“Thanks to the new provision in our criminal law, mutilation of female genitals can be prosecuted and punished by a Swiss judge, even in cases where the offence has taken place abroad and even when not punishable under that country’s law,” Andrea Candrian, vice head of the Federal Justice Office’s international criminal law unit, told swissinfo.ch.
Under the new legislation, any person who carries out an act of mutilation can be held responsible and punished.
“In addition, persons who have assisted in such a crime or contributed in another way can be prosecuted as well. For example – if a girl’s family has organised a mutilation – then not only the circumciser but also the family members involved can be prosecuted,” Candrian explained.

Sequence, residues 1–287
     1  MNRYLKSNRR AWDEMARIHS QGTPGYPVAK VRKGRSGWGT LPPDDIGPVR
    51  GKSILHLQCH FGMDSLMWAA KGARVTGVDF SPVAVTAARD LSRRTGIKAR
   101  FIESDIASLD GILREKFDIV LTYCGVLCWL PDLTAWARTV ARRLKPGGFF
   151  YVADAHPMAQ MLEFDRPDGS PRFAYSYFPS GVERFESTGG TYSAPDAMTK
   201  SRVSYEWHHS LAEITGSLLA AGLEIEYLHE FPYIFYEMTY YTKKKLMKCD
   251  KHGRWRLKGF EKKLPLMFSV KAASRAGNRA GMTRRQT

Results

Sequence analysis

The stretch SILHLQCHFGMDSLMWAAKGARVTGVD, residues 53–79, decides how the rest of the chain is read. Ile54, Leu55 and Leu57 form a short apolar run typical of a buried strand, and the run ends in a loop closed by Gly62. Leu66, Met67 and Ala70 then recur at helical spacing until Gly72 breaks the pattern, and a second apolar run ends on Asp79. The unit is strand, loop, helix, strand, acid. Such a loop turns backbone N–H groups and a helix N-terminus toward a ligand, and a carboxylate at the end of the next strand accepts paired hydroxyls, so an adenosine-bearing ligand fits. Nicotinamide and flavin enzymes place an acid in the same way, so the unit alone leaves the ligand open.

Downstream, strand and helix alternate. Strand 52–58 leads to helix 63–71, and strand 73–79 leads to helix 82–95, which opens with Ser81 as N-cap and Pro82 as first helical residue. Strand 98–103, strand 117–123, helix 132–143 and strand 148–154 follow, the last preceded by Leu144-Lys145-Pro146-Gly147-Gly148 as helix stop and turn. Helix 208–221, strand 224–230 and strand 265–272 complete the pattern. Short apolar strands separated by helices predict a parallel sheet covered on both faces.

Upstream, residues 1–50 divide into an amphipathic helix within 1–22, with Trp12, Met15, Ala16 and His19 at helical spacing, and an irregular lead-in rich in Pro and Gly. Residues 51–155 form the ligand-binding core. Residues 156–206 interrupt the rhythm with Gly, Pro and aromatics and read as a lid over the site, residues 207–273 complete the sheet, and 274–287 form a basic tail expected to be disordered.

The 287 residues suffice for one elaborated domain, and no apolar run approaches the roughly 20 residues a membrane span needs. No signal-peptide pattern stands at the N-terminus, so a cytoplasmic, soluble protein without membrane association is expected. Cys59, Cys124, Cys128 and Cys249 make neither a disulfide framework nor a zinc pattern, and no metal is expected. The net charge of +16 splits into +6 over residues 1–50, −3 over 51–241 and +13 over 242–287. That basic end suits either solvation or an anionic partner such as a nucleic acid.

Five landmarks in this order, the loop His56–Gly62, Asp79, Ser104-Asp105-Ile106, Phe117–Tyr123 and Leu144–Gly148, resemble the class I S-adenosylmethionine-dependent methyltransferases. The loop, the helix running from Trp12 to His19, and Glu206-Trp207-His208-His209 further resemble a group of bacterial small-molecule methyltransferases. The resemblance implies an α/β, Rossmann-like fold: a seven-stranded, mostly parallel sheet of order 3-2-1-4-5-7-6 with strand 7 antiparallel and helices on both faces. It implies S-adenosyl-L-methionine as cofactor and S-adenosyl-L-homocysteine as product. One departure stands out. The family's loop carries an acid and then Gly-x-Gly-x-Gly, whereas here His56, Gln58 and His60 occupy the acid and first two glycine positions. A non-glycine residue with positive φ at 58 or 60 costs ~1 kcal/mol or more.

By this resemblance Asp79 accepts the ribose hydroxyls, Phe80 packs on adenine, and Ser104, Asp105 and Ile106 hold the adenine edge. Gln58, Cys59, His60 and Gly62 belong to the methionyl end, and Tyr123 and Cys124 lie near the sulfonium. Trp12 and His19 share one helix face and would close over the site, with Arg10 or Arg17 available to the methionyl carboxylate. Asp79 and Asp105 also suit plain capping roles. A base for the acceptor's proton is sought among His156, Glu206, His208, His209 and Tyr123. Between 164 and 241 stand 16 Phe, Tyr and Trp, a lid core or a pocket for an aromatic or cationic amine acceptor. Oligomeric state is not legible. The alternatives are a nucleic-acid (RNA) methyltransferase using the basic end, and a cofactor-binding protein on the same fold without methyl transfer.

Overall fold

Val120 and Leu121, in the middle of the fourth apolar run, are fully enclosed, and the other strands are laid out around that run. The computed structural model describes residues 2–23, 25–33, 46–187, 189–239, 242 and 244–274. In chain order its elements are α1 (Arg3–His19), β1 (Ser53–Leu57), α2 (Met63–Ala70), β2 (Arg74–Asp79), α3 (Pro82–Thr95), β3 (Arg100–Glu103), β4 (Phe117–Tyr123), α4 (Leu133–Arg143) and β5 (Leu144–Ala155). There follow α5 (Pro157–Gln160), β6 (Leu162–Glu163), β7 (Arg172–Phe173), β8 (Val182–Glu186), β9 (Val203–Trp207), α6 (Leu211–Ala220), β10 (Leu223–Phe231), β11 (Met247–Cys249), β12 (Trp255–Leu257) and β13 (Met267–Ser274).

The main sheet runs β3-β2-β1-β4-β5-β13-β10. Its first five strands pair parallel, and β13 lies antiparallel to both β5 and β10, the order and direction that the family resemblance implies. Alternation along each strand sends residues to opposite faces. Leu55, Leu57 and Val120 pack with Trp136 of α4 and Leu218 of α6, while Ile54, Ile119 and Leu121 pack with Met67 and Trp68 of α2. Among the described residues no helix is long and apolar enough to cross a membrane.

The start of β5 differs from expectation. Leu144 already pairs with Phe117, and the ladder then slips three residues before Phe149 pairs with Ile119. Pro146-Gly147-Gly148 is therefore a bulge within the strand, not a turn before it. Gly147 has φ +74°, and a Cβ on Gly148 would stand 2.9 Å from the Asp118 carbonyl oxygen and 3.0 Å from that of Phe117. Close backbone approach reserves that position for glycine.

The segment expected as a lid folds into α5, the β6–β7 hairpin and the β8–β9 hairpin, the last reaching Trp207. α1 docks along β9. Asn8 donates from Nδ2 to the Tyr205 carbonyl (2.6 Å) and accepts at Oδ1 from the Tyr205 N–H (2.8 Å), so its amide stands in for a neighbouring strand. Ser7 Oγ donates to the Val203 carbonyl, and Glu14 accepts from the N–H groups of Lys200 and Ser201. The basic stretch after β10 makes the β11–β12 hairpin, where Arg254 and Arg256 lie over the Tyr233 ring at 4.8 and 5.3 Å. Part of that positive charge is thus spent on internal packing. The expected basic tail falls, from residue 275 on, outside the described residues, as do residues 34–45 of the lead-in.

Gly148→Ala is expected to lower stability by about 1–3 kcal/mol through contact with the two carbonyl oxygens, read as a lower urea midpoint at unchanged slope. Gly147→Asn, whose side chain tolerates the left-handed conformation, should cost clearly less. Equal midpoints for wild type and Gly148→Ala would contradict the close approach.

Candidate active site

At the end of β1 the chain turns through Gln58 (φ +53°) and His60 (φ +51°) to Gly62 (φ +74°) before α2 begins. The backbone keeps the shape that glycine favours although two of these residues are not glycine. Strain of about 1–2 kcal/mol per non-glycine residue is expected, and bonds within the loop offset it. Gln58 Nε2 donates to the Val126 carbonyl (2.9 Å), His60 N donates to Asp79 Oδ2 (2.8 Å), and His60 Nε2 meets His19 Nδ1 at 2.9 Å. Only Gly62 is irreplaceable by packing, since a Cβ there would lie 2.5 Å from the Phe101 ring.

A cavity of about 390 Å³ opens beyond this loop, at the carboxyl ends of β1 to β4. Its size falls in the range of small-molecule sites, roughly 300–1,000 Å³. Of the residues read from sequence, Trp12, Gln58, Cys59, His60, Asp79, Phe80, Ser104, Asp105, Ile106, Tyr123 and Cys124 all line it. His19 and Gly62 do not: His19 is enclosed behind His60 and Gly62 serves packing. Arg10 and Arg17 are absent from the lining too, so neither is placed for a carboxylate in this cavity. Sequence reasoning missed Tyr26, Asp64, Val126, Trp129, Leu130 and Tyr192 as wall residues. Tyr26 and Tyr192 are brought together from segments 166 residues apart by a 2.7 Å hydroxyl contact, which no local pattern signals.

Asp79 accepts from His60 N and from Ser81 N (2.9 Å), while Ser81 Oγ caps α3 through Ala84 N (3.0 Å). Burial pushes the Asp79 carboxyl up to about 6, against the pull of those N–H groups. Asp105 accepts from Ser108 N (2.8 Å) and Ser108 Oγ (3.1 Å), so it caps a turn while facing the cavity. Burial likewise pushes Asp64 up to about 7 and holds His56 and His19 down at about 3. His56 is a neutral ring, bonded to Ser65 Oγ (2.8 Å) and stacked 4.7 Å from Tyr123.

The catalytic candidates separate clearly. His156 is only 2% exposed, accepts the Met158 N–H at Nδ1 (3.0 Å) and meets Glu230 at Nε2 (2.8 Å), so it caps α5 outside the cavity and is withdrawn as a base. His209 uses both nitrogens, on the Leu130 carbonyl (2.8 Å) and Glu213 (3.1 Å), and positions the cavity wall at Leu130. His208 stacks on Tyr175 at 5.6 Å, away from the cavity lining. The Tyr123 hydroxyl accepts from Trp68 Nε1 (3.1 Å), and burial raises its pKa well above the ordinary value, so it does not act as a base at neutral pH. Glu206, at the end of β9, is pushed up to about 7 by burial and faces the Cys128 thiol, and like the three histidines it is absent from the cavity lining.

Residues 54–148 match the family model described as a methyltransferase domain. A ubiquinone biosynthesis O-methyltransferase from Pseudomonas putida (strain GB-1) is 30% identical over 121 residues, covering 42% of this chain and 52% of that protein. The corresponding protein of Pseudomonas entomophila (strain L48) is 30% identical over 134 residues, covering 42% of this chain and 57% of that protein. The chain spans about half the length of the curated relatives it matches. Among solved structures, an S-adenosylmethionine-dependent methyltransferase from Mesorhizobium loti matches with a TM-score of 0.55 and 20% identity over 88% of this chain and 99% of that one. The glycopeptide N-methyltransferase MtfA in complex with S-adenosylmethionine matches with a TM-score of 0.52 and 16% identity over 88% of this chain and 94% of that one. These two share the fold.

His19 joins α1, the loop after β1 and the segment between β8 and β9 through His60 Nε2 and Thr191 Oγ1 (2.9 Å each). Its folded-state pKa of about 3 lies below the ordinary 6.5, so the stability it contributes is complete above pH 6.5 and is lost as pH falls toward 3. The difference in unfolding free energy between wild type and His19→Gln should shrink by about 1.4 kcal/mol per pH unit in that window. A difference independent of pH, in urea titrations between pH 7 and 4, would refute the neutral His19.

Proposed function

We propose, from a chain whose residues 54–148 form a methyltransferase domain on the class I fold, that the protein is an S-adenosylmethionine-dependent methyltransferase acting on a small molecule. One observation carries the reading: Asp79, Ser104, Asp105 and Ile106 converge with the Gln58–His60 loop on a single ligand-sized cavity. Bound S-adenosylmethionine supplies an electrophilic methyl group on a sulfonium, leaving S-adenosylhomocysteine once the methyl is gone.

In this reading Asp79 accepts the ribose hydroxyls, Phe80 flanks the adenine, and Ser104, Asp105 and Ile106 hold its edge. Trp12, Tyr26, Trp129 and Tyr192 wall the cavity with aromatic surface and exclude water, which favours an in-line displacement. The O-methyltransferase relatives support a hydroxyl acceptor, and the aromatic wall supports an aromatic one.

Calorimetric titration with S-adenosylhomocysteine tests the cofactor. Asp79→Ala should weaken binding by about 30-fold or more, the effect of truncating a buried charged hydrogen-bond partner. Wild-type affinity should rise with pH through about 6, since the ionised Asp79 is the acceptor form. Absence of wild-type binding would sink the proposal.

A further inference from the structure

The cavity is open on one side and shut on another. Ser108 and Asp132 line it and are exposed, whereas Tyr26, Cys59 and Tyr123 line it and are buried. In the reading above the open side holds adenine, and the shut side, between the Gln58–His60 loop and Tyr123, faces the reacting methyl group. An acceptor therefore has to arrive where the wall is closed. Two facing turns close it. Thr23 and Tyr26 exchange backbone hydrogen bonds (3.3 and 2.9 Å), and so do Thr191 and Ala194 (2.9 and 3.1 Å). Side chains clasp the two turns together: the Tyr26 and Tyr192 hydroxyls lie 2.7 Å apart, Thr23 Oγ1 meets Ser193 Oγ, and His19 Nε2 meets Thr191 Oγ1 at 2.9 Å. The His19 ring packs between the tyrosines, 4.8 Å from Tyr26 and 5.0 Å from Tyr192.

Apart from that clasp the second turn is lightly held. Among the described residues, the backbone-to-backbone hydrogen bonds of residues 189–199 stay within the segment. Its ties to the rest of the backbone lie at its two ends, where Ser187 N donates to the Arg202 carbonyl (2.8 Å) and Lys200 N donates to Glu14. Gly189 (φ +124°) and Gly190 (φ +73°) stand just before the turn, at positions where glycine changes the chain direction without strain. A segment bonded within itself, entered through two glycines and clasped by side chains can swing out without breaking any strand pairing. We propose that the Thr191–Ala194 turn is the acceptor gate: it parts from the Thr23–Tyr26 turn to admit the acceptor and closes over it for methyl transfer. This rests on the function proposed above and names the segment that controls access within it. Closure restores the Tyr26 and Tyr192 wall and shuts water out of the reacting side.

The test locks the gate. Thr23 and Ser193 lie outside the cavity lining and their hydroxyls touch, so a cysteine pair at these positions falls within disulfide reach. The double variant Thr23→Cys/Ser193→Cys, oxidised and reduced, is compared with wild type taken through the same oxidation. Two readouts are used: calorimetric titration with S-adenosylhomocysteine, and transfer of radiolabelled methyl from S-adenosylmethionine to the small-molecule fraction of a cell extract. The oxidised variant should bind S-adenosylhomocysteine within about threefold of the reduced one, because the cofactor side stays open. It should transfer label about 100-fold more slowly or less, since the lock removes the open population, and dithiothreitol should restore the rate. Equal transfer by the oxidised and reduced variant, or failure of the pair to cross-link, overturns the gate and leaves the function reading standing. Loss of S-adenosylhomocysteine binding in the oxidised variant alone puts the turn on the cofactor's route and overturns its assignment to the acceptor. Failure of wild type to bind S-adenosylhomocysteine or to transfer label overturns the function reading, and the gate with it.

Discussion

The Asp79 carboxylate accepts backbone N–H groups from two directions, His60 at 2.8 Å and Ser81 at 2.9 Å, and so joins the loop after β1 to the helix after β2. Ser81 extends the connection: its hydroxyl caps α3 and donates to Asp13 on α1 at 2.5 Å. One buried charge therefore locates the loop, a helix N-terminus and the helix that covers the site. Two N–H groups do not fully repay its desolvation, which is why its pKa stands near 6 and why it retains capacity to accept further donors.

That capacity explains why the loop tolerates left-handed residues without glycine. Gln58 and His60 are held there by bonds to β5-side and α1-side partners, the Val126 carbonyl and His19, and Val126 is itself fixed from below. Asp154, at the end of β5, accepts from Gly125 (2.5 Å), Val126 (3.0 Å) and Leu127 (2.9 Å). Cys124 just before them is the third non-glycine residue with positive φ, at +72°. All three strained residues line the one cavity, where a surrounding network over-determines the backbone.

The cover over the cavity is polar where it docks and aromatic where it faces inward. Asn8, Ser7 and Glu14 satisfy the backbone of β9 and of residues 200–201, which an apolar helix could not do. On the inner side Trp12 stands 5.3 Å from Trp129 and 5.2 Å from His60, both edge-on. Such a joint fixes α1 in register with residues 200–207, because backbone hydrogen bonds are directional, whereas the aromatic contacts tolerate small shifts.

While the goal is not to target instances of FGM carried out in other countries, the legislation should help deter parents from forcing their daughters to undergo the painful and debilitating procedure.
The degree of mutilation (see box at right) along with the personal circumstances of the perpetrators will determine the severity of the sentence, which could involve up to ten years in prison or substantial fines...
Monday, July 2, 2012
Switzerland Cracks Down on Crime of FGM
Starting this week, it's imposing even harsher penalties on the repellent practice: